Is the Antichrist gay? Stretching scripture at the 'Values Voter Summit'.
Although the Bible actually has little to say about the Antichrist he is mentioned by name only five times--interest in this evil figure has always been intense. Given the dearth of information, many have engaged in wild speculation. During the Family Research Council's recent "Values Voter Summit" in Washington, one speaker espoused one of the more unusual theories about this mysterious opponent of Christianity: The Antichrist, the Rev. Dwight McKissic said, may be gay.
McKissic, pastor of Cornerstone Baptist Church in Arlington, Texas, put forth slim evidence for the assertion, citing a murky passage in the eleventh chapter of the Book of Daniel. Interestingly, the verse in question, Daniel 11:37, does not mention the Antichrist by name. It talks instead about a prophecy concerning a Persian king who will amass great power and oppress God's people.
This monarch, the King James Version of the Bible says, will not shine "the desire of women."
Although other translations of the scripture differ radically, to McKissic, the KJV text is proof enough.
He asked the crowd, "Could it be that the Antichrist himself may be homosexual?'"
Assailing the gay rights movement, he added, "I believe it's from the pit of hell itself that this movement is inspired, that it has a satanic anointing."
McKissic, who runs a group of anti-gay pastors called Not On My Watch, said he is offended that gay rights activists employ the language of the civil rights movement.
"The civil rights movement was inspired and given by the Holy Spirit, birthed in the church and bathed in prayer.... But the gay rights movement, I believe, was birthed and inspired by (he Antichrist," he charged.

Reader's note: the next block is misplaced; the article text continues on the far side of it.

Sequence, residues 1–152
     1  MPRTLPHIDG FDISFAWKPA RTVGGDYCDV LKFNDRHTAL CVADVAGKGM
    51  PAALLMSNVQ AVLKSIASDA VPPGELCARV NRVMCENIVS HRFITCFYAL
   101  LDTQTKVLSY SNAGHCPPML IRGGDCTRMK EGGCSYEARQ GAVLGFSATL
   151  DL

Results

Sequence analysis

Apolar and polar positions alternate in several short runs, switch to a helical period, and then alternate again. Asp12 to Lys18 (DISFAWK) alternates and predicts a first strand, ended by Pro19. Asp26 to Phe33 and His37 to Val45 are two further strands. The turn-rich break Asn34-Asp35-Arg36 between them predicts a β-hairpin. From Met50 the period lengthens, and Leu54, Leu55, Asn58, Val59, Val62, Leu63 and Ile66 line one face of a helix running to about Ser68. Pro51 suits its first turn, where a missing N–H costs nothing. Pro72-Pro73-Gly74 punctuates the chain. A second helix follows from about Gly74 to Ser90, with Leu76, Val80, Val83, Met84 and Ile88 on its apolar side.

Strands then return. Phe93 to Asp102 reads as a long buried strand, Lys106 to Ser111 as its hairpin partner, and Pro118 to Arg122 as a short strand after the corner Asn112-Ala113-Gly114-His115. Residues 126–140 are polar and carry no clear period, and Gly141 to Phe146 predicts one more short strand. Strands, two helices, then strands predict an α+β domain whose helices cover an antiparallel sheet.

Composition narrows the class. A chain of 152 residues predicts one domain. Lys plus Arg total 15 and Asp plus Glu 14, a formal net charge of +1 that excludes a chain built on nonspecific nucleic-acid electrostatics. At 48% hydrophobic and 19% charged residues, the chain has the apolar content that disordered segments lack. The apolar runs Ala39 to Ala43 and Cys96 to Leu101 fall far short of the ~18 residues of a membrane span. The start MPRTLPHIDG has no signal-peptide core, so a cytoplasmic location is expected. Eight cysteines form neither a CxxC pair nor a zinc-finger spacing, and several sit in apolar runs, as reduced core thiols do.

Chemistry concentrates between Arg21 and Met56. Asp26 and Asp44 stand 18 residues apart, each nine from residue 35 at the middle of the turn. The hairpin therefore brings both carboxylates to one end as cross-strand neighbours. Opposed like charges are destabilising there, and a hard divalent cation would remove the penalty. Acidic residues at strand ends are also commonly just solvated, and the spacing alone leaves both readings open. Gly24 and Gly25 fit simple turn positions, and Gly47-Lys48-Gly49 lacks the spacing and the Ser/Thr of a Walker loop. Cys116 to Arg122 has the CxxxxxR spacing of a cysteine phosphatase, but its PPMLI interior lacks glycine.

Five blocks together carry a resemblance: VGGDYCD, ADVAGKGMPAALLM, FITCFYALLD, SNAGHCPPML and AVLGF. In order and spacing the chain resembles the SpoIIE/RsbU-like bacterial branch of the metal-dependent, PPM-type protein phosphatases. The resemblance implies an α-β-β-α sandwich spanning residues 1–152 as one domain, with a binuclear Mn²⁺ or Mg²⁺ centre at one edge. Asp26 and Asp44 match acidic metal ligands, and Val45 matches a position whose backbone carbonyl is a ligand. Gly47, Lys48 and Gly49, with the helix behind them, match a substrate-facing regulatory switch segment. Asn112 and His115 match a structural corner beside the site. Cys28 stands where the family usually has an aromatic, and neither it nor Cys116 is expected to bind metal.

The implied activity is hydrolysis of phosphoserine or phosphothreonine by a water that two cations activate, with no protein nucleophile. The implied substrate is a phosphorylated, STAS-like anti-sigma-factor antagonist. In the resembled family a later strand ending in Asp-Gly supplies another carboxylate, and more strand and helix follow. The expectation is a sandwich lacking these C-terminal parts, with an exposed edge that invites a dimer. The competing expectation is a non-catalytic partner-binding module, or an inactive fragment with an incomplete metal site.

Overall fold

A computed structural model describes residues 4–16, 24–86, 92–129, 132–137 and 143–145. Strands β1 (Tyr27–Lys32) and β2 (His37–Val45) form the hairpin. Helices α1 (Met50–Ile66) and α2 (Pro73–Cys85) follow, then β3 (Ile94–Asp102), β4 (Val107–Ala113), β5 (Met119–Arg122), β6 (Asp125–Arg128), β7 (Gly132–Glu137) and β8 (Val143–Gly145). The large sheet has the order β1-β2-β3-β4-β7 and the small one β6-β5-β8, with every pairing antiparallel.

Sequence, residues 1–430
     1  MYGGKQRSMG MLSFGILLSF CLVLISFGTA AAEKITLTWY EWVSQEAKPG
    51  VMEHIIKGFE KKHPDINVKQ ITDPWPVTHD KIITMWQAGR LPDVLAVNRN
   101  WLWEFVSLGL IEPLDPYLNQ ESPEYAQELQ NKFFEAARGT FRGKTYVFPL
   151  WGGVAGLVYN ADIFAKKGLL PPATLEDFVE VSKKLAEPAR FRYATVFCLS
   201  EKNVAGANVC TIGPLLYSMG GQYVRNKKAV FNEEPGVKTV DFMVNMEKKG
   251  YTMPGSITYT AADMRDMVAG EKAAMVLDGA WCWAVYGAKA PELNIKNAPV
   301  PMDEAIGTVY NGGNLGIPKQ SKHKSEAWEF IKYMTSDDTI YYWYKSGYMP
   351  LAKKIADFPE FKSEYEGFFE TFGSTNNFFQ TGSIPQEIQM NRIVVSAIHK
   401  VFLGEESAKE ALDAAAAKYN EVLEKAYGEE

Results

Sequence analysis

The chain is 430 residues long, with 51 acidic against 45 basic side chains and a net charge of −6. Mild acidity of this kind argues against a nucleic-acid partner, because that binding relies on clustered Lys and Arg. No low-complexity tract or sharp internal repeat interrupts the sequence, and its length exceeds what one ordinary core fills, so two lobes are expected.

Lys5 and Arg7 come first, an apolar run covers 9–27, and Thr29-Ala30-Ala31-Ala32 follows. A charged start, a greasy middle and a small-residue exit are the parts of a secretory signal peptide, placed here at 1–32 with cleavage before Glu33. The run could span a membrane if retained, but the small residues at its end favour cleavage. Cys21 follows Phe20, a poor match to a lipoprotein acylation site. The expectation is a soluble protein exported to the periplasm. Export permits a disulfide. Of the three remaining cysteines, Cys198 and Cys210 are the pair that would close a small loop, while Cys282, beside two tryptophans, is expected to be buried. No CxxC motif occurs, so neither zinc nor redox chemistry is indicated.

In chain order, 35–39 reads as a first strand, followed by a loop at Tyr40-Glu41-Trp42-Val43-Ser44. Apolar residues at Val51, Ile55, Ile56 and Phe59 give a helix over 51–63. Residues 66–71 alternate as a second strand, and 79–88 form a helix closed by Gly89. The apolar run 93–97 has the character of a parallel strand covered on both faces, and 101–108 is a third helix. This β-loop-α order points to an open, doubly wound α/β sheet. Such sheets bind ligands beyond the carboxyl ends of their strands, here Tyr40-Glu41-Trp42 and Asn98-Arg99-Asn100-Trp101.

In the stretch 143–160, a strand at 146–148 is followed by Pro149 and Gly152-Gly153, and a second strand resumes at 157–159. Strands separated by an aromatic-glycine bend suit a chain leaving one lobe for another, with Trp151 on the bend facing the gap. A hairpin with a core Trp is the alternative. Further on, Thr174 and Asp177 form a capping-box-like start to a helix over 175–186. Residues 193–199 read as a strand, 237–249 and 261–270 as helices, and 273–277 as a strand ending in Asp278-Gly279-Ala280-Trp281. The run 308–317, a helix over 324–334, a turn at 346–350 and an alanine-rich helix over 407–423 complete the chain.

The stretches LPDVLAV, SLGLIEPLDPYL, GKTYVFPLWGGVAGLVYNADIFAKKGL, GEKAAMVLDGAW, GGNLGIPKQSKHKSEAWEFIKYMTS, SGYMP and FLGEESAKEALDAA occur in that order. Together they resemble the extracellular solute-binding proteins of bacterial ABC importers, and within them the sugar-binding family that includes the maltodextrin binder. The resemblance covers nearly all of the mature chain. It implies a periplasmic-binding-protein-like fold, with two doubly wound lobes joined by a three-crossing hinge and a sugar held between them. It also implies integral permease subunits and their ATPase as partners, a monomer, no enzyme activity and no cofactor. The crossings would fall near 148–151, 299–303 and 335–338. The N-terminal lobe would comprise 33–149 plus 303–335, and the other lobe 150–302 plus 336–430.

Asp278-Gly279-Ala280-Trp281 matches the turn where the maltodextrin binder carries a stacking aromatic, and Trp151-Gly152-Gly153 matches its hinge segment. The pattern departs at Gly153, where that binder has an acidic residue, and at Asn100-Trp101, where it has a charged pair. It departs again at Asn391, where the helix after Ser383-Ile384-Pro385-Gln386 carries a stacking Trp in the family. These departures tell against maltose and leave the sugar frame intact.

The Texas preacher didn't stop there. During his remarks, delivered while addressing a workshop titled "Impacting the Culture," McKissic opined that Jesus predicted the rise of same-sex marriage and asserted that the Bible condemns not only gays but even straight people who tolerate homosexuality.
He was not the only figure to bash gays during the event. The Rev. Wellington Boone, a frequent speaker at Promise Keeper events, sounded similar themes during his time at the podium. Boone blasted gays for linking their drive to the civil rights struggle. Tracing the history of black slavery and the oppression of the Jim Crow South, he told the crowd, "You tell me a gay has the right to get in on some of that? Get out of here!"
Boone called gay people "sodomites" who, he said, "are really nasty about trying to stop us from taking away their perversion."
Added Boone, "Back in the days when I was a kid, and we saw guys that don't stand strong on principle, we called them 'faggots'.... I got another one I'm gonna say in a minute--that [men who] don't stand up for what's right, we say, 'You're sissified out!' 'You're a sissy!' That means you don't stand up for principles. And I just believe that God hasn't called us to be sissies on a principle level. We're called to be, to stand up and be men."
Other speakers accused gays of nefarious goals. Maggie Gallagher, a syndicated columnist who has been criticized for taking money from the Bush administration, asserted that gay rights advocates seek to deny non-profit status to Christian radio, Christian schools and other tax-exempt religious entities. People who oppose same-sex marriage, she said, "are treated like racists."
Religious Right leaders often talk about hating the sin but loving the sinner. At this meeting, when it comes to gay Americans, there seemed to be a lot more hate than love.
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|Publication:||Church & State|
|Date:||Nov 1, 2006|
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